Sharing is caring, they say.
The sharer in this tale is Andrew Frankel, the custodian of the BMW i8 long-term test car who sent it off for a summer holiday at Autocar’s Twickenham headquarters. And we all had a jolly good time caring for it.
Renault Zoe owner and therefore resident electric car expert Jim Holder is up first for some scene setting: “I’m not so dumb that I thought the i8 would be just another electric car, or indeed just another supercar, but I was surprised by just how far it redefines what can be done with electric power. From pure-EV mode to giving it everything it’s got, it is utterly beguiling – helped, of course, by those futuristic looks inside and out.”
Ah, yes, those looks. It’s one thing we all agree on: the i8 looks the business. As Sam Sheehan puts it: “Be it a traffic-laden city street or fast-flowing motorway, you can bet the kids in the car in front will stare and point, the driver in the car next to you will give you a thumbs-up and even the old lady on the bus will strain to catch a glimpse.”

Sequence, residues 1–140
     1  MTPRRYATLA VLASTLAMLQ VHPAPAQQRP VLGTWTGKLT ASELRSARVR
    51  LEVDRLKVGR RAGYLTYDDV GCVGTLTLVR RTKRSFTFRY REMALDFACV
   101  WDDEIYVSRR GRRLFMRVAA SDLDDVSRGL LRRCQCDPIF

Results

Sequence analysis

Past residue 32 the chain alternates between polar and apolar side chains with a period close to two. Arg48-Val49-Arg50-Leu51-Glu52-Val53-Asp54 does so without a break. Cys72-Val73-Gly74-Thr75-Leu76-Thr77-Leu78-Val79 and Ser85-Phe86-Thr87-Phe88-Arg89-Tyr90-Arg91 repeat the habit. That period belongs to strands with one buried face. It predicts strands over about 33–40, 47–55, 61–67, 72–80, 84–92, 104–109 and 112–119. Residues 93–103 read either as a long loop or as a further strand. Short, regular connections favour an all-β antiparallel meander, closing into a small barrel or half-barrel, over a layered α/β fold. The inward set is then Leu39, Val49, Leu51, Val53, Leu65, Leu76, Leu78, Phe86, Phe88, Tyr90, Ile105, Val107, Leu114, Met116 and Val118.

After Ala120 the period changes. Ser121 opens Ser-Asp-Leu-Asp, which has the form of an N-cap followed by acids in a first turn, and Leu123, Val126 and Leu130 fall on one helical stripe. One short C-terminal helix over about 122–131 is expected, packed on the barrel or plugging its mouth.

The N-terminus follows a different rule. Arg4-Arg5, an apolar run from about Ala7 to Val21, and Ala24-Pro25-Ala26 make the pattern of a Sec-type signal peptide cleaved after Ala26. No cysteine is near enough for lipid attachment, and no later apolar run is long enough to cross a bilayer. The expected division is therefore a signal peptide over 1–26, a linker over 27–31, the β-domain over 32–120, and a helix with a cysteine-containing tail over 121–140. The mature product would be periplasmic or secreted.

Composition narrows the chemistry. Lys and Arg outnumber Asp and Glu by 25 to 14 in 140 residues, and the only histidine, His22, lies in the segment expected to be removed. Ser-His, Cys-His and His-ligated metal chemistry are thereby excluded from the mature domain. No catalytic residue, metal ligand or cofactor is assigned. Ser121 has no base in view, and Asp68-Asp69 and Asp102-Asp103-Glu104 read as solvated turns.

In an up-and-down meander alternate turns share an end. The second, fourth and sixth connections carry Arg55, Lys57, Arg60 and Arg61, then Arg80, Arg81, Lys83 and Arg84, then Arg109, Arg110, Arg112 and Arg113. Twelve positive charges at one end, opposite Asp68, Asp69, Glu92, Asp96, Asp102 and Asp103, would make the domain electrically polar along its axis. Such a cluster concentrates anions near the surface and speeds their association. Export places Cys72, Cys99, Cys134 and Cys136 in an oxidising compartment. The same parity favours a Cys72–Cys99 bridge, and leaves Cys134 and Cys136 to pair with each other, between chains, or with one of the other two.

I agree. The i8 elicits as great a response from fellow motorists and passers-by as the McLaren 650S Spider I ran last year, a car costing more than twice the price and making 10 times the noise.
However, those concept car looks come with those concept car dihedral doors, which, as Frankel has previously pointed out, restrict the type of space you can park in.
Matt Saunders recalls: “I remember from writing the road test that you’d need a garage more than three metres wide and two metres tall to get both doors open inside it. But then I guess i8 owners are probably triple-garage type of people anyway.”
Will Nightingale clearly doesn’t have a triple garage. “Getting out of the i8 on my driveway involved half opening the driver’s door to stop it from hitting a bush and then limboing under it. Smooth.” Smooth indeed.